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Flea tapeworm

Dipylidium caninum

Photo: Flea tapeworm
Weights and measures
Length from 20 to 50 cm
Animal description
The Flea tapeworm, scientifically known as Dipylidium caninum, is a parasitic worm that primarily affects dogs and cats but can also infect humans, particularly young children. This parasite is a type of cestode or flatworm, and it belongs to the family Dipylidiidae. The adult form of the tapeworm resides in the small intestine of the host, where it attaches itself to the intestinal wall using its scolex, which is equipped with hooks and suckers for adhesion.

The body of Dipylidium caninum is segmented and can grow up to several inches in length, although typically it measures about 20-70 cm. The body is composed of multiple segments called proglottids, which are essentially packages of eggs that are produced by the reproductive organs within each segment. As the tapeworm matures, these egg-filled segments detach from the main body of the worm and are expelled from the host's body through the feces. These segments are recognizable by their unique appearance, often described as resembling grains of rice or cucumber seeds, and they may still be moving when freshly passed.

The life cycle of Dipylidium caninum involves an intermediate host, which is typically a flea. The larvae of the flea ingest the eggs of the tapeworm from the environment, such as from infected feces. Inside the flea, the eggs hatch into larval tapeworms, which remain dormant until the flea is ingested by a definitive host, such as a dog, cat, or even a human. Once inside the definitive host, the larval tapeworms migrate to the intestine, where they attach to the intestinal lining and begin to grow into adult tapeworms, thus completing the cycle.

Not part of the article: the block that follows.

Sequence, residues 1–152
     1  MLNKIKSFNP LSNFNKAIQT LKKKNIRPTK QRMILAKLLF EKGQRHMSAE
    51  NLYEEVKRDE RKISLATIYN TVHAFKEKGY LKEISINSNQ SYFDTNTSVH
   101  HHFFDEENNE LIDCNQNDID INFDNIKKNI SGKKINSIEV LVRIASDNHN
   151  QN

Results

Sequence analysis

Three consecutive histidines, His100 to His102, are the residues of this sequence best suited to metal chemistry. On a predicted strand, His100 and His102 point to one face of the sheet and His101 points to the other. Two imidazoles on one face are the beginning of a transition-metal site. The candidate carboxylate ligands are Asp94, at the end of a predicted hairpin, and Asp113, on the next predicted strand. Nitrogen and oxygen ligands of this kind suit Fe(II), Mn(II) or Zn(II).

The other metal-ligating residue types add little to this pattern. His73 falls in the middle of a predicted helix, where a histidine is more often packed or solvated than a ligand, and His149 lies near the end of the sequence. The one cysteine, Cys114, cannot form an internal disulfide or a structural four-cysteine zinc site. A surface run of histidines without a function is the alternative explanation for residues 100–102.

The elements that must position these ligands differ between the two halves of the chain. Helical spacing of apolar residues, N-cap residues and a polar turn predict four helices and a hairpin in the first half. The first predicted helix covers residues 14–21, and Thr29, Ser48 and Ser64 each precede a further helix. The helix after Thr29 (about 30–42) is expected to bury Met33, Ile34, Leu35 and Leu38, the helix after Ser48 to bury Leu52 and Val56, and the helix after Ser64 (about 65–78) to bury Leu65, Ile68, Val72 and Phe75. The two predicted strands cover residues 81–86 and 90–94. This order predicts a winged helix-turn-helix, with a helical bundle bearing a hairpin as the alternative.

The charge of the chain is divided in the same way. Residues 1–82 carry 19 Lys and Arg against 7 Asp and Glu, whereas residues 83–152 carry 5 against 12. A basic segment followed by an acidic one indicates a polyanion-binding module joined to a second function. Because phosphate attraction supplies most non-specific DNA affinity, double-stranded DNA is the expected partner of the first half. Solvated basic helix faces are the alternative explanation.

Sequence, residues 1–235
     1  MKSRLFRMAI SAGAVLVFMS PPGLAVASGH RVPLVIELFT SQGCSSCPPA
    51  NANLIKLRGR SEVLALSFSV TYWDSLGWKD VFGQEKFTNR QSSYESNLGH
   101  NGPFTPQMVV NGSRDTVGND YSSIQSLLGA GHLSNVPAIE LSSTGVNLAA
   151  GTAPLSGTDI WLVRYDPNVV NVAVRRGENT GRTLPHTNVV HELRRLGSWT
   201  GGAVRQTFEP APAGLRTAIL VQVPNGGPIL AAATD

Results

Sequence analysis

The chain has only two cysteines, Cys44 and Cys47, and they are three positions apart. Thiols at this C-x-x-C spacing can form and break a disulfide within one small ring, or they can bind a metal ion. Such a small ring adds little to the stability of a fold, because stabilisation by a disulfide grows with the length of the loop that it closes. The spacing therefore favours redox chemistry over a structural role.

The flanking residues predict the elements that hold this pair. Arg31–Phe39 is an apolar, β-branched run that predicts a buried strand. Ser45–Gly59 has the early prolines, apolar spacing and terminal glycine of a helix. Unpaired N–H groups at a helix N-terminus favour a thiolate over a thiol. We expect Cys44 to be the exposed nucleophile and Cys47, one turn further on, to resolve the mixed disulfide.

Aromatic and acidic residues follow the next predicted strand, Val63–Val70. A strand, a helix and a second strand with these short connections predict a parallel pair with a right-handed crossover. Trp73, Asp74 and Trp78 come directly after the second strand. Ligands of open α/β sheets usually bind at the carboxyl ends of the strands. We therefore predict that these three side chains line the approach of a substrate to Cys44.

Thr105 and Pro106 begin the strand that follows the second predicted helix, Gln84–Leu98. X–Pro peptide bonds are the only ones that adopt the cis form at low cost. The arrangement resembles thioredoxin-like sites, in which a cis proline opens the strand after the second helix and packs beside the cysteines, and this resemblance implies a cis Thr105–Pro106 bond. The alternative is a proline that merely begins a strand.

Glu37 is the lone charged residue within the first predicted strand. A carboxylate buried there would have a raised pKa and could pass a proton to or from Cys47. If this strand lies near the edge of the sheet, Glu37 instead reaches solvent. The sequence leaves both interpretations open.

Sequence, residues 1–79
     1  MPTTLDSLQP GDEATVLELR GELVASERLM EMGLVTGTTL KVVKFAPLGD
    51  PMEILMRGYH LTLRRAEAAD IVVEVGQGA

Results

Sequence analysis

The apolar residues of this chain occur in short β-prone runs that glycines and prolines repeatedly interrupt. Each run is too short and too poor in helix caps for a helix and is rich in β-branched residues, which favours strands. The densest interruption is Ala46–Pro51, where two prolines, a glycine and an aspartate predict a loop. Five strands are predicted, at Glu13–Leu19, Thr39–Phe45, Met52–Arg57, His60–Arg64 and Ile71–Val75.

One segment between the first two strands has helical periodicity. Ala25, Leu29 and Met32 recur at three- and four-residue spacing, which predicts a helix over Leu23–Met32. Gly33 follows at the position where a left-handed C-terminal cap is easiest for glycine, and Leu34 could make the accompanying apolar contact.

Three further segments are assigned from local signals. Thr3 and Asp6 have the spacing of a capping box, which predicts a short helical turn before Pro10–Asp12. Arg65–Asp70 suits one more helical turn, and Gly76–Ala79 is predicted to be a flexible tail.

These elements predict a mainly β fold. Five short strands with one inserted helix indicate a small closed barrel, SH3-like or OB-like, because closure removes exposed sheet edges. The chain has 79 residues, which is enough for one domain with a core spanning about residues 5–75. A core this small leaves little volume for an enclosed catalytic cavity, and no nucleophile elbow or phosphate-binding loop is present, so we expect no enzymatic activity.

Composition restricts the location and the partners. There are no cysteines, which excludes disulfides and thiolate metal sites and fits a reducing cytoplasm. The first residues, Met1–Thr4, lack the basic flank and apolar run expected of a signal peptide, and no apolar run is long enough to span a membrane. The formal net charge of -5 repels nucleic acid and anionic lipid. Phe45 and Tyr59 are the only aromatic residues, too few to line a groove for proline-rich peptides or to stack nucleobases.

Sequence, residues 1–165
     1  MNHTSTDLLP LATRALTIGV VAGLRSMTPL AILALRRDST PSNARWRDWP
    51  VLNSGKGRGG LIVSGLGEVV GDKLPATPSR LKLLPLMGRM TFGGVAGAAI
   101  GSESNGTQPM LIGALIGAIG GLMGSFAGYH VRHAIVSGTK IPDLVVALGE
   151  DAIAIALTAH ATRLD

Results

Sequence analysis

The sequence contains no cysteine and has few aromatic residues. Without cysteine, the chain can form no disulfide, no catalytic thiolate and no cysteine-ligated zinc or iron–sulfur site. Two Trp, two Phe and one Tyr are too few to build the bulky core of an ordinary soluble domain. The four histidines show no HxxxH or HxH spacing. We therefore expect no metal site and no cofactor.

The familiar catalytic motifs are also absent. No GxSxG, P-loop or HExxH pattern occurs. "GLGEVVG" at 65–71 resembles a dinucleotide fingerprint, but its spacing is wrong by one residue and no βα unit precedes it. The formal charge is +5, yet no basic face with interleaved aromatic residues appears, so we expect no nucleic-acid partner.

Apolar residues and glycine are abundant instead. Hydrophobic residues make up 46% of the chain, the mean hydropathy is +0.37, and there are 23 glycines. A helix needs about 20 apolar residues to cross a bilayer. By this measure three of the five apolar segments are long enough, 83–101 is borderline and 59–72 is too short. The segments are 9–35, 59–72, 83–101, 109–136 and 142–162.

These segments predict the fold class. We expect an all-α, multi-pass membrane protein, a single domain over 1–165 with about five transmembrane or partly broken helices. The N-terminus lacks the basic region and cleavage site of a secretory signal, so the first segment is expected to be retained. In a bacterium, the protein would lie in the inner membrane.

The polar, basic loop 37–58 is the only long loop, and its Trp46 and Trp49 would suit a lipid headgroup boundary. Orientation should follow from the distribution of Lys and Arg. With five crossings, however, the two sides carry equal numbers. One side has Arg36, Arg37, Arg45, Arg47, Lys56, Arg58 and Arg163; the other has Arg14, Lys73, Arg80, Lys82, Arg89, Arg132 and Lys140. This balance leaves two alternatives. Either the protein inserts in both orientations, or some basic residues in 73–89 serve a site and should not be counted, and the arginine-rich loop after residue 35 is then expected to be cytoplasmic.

Infection with Dipylidium caninum, known as dipylidiasis, is often asymptomatic but can cause a range of symptoms, especially in heavy infestations. These symptoms may include abdominal discomfort, diarrhea, and itching around the anus, which can lead to scratching and potential secondary infections. In humans, particularly children, the ingestion of an infected flea typically occurs accidentally, often as a result of close contact with pets.

Diagnosis of dipylidiasis involves the identification of the characteristic proglottid segments in the feces of the infected host. Treatment is generally straightforward and involves the administration of oral anthelmintic medications, which are designed to kill the tapeworms. Prevention of Dipylidium caninum infection is primarily focused on controlling flea populations, as fleas are the necessary intermediate host for the tapeworm's lifecycle. This includes regular flea treatment for pets, maintaining clean living environments, and practicing good hygiene to reduce the risk of accidental ingestion of fleas by humans.

Despite its parasitic nature, Dipylidium caninum is considered to be of relatively low pathogenicity compared to other tapeworms. However, its presence in pets and potential for human infection underscore the importance of routine veterinary care and flea control measures in maintaining the health of both animals and their human companions.
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